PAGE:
This is a special seminar on Main Campus.
We live in a universe of waves. In astrophysical objects, in the clouds overhead, in the beat of our hearts, the transport of energy is often mediated by waves. In space plasmas, waves occur both on large scales, where magnetohydrodynamics (MHD) can describe their behavior, and on small scales, where kinetic effects must be considered. The combined action of numerous small-scale wave-particle interactions can produce important macro-scale effects that cannot be understood using MHD alone, such as the generation of solar radio bursts and turbulent energy dissipation in collisionless plasmas.
The Heliosphere, the portion of space influenced by the Sun’s stellar wind, contains a range of plasma environments that provide amazing natural laboratories for exploring small-scale plasma waves and their macro-scale consequences, including planetary ionospheres, magnetospheres, and the solar wind. This talk describes two of these regions, the Earth’s radiation belts and the solar wind, where advances in spacecraft instrumentation have recently revealed dense populations of small-scale plasma waves and solitary structures.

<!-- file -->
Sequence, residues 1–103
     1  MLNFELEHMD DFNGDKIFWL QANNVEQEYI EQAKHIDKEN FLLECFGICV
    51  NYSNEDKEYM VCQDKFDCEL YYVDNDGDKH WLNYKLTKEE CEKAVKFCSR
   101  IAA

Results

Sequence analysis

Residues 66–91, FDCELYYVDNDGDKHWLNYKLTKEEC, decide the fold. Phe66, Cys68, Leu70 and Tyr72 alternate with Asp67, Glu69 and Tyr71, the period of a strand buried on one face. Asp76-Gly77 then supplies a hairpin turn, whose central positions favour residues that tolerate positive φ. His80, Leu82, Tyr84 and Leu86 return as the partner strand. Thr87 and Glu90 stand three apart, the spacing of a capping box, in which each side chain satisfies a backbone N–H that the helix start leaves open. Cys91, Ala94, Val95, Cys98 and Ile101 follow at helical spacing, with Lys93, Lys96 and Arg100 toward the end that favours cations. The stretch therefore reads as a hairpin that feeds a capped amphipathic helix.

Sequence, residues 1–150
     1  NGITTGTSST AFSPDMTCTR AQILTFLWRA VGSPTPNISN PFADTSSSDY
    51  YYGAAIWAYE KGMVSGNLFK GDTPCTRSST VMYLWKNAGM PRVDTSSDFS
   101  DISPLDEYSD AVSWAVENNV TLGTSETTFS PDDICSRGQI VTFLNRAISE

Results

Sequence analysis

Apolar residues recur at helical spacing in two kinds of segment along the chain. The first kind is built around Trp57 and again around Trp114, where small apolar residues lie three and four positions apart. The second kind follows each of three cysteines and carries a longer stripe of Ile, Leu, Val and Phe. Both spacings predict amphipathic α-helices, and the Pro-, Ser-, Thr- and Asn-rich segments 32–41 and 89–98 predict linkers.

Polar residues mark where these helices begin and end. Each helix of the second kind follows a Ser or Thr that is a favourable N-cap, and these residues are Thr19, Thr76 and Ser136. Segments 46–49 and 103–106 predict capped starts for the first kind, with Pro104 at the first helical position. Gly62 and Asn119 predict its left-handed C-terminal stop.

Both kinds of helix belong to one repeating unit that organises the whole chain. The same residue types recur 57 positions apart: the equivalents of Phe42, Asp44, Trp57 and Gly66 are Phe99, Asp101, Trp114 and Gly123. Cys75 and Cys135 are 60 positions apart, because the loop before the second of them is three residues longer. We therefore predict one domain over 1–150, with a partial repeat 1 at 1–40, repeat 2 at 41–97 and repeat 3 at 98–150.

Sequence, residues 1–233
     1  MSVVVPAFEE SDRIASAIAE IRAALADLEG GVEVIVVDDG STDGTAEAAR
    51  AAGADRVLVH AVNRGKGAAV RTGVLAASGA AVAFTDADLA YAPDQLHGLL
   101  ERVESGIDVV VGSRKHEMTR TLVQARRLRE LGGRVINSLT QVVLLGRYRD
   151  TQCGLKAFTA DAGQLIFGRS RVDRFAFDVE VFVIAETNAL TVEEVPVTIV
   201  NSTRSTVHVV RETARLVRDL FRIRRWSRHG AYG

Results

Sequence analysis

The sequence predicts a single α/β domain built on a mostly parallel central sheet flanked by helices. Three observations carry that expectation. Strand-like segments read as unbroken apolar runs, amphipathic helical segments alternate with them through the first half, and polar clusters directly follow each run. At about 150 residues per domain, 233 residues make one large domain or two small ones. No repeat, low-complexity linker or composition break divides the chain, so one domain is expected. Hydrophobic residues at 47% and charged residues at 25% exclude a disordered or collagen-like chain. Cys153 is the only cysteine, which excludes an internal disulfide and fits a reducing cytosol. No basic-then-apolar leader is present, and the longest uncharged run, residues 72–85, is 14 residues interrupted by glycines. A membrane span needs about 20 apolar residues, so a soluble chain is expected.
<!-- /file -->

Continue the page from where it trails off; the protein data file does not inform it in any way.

In Earth’s radiation belts, copious small-scale nonlinear plasma waves and solitary structures were identified using data from the Van Allen Probes mission. Together, these waves and structures represent a previously unconsidered class of wave-particle interaction in the inner magnetosphere capable of significantly influencing inner magnetospheric plasma dynamics.
In the solar wind, the recently launched Parker Solar Probe mission is providing the first in-situ observations of the near-Sun plasma environment. Preliminary data indicate a host of small-scale plasma waves that may be regulating macro-scale aspects of the solar wind’s radial evolution.
In these regions and others, our understanding of the importance of small-scale plasma waves for the macro- scale evolution of plasma populations has only just begun.